Cairo: Muammar Gaddafi's dictatorship likely wouldn't have survived for more than four decades without the sea of dictators all around, protecting one another and working together to silence dissident voices.

Gaddafi himself saw collapse was inevitable as Arab unity frayed, and he pointed to the fall of Iraq's Saddam Hussein as a sign of things to come. "Your turn is next," he warned fellow leaders in a scathing speech at the 2008 Arab League summit in Damascus.

Back in 2008, Gaddafi's listeners laughed. Now, besides Gaddafi, longtime autocrats have been swept from power by popular uprisings in Tunisia, where the Arab Spring began, and Egypt. Syria's Bashar Assad and Yemen's Ali Abdullah Saleh are also under fierce pressure.

Ties with autocrats stretch back to the early days of Gaddafi's regime, historians have written. The night Gaddafi, then a junior officer who would later promote himself to colonel, ousted King Idriss, the first planeload of official visitors to land in Tripoli was from Egypt. Gamal Abdel Nasser sent veteran journalist and top adviser Mohammed Hassanin Haikal to take the measure of his neighbor's new ruler.

Gaddafi told Haikal he would seek Nasser's guidance. Haikal promised Egypt's support.

Only four months after Gaddafi's coup, two members of his Revolutionary Command Council turned against him. Egyptian intelligence officers tipped off Gaddafi that he faced a coup, according to historians.

Shortly after that, King Idriss' nephew Abdullah al-Abid al-Senoussi, also known as the Black Prince, led a force of 5,000 mercenaries from Chad and planned to arm tribes loyal to the king to fight against Gaddafi. This time, it was Tunisians who are believed to have tipped off Gaddafi.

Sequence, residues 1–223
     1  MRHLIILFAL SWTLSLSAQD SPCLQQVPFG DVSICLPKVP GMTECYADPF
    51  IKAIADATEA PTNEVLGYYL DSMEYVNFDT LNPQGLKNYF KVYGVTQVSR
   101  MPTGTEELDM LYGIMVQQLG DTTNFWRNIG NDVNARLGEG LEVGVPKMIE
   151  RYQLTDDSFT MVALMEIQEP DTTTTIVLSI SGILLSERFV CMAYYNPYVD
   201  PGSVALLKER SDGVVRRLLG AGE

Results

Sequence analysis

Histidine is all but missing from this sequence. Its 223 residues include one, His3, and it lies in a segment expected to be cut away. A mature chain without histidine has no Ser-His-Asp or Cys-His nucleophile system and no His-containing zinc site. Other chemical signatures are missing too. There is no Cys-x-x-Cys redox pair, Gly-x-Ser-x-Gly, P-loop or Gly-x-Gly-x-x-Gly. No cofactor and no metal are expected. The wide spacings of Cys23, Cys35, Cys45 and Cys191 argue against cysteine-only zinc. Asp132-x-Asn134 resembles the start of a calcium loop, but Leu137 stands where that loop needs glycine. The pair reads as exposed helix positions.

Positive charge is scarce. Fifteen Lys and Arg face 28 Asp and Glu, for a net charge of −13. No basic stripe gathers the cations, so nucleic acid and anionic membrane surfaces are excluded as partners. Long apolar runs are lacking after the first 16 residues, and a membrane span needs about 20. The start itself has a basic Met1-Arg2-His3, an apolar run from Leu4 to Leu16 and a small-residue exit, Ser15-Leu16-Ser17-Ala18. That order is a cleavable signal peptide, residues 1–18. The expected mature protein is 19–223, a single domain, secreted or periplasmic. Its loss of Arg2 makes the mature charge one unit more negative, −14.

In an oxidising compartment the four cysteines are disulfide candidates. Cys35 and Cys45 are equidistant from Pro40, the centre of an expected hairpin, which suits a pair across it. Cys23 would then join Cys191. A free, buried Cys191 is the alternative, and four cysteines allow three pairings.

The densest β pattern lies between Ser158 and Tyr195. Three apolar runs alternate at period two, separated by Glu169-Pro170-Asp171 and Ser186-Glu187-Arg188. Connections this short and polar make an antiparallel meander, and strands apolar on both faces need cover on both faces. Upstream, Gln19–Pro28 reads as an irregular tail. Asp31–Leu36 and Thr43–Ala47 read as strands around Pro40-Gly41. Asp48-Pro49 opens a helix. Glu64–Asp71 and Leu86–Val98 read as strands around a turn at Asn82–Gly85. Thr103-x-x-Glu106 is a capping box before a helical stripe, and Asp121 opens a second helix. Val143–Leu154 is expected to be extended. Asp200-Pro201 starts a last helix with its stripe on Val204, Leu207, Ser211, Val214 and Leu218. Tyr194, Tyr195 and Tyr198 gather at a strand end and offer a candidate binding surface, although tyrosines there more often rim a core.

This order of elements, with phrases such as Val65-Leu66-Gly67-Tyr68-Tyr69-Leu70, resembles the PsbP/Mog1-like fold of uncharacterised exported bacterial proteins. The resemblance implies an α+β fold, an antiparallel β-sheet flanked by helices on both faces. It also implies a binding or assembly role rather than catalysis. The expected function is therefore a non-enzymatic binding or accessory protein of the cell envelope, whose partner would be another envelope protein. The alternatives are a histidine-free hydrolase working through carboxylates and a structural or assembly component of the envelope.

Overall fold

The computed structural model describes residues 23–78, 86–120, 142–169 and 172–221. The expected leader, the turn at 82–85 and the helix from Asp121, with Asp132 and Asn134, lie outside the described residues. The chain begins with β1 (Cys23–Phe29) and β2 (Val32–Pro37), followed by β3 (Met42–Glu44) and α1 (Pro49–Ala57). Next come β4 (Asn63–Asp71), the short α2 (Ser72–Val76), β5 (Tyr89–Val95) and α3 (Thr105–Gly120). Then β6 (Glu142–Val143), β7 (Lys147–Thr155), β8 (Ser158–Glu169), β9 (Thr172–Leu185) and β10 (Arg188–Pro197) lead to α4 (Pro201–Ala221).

In a recent interview, Gaddafi's former Foreign Minister Abdel-Rahman Shalqam, who defected during this year's rebellion, told the pan-Arab newspaper Al-Hayat that Gaddafi used to pay former Tunisian President Zine El Abidine Ben Ali a monthly salary, and that Tunisian-Libyan cooperation was "at the highest level."

The exchange of security and intelligence information was the only successful sphere of cooperation among Arab governments, asserted Fathi al-Baja, a Libyan political scientist and top political leader for the Libyan rebels. "This is the only thing they could do," he said.

Gaddafi even paid the editors of state-owned newspapers in Egypt, Syria and elsewhere to run "propaganda glorifying him or at the very least to block any channels between the opposition and public opinion," said Fayez Jibril, a Cairo-based founder of the National Front for the Salvation of Libya, Libya's oldest opposition group.